Report

Motor Vehicle Departments: Bedrock of American Democracy

/
February 2, 2021

Department of Motor Vehicles (DMVs) play a crucial role in our elections. This report seeks to raise the level of recognition of the agency’s role – among policymakers, state agency officials, advocates, and the public – to improve their partnerships and the functioning of our democracy.

A line graph demonstrating that new voter registrations decreased when COVID-19 closures hit DMVs.

Since the passage of the National Voter Registration Act of 1993 (NVRA or “motor voter”), state Department of Motor Vehicles (DMVs) have evolved into a bedrock of the modern system of election administration—for voter registration in particular. Since then, their role in our elections has expanded to include multiple types of voter registration, identity verification, and maintenance of accurate voter registration lists. While the current scope of DMV involvement in election administration is relatively unappreciated, raising the level of recognition of the agency’s role – among policymakers, state agency officials, advocates, and the public – is important to improve the functioning of our democracy. This report, Motor Vehicle Departments: Bedrock of American Democracy, serves as a primer and guide for these audiences and other interested parties on the history, parameters and robustness of their current role, and provides a catalogue of everything DMV officials do in election administration.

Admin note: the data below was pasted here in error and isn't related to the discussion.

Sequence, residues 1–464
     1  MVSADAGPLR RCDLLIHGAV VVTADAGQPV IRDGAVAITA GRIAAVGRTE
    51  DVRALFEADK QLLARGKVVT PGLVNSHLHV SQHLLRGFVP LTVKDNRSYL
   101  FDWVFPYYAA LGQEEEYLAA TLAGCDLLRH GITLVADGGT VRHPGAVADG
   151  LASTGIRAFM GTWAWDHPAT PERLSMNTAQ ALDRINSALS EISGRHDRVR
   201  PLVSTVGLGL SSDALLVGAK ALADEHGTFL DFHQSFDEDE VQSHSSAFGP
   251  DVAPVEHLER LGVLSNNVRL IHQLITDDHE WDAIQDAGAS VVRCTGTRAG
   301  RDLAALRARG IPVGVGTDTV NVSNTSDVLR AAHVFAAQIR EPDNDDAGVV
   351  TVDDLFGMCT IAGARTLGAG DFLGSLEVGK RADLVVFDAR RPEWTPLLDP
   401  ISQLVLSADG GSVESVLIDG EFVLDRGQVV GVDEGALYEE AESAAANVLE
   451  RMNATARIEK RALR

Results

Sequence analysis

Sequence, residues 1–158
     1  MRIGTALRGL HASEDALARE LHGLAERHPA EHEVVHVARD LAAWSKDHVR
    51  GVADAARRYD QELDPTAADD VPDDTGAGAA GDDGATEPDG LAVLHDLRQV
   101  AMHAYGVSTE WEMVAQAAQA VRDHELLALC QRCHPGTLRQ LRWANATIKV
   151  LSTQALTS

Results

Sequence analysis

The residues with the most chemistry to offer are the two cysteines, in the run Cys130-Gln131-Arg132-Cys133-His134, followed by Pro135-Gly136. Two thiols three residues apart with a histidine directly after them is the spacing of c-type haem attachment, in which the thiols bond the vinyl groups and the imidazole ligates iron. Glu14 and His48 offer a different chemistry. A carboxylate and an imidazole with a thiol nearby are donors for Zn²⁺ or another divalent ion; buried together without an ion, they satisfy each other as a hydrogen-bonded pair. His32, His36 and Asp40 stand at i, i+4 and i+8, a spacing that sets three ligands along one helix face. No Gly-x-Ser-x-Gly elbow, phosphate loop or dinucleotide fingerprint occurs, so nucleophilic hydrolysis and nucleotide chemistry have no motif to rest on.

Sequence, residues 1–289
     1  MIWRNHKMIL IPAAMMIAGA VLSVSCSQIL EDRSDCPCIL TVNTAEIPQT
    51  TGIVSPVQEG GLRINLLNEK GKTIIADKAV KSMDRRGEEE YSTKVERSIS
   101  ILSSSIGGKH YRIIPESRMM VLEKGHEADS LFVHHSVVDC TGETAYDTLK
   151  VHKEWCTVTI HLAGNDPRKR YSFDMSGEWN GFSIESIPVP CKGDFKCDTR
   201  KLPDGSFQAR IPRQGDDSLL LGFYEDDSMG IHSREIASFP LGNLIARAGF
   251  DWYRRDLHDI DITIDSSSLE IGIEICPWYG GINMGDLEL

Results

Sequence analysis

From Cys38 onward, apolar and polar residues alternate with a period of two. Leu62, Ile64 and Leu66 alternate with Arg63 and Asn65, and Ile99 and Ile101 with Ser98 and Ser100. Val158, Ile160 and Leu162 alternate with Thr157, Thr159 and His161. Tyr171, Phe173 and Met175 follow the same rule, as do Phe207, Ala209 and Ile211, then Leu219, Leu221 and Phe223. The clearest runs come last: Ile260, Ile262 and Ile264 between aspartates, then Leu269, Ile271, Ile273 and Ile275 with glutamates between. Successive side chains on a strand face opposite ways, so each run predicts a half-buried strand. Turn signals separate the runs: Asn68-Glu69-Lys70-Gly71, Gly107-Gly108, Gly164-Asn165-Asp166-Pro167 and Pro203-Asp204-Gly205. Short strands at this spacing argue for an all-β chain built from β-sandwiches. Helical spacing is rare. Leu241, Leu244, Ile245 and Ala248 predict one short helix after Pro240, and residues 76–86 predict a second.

Unfortunately, the evolution of the DMVs’ role occurred without initial buy-in from DMV administrators or an expansion of resources for DMVs to fulfill their growing role. Rather, in most states, state reliance on DMVs expanded without a commensurate expansion of available funding. Sustained and regular interaction, discussion, and consideration with respect to the scope of DMVs’ role in election administration – among their many other core duties – is happening only now, over a quarter century after passage of the NVRA.

The level of election administration reliance on DMVs is now so great that the public, policymakers, and DMV and election officials should reconceptualize DMVs as integral partners in implementing American democracy. Rather than a non-election entity, DMVs – on an everyday basis – are providing irreplaceable support in delivering aspects of our election systems.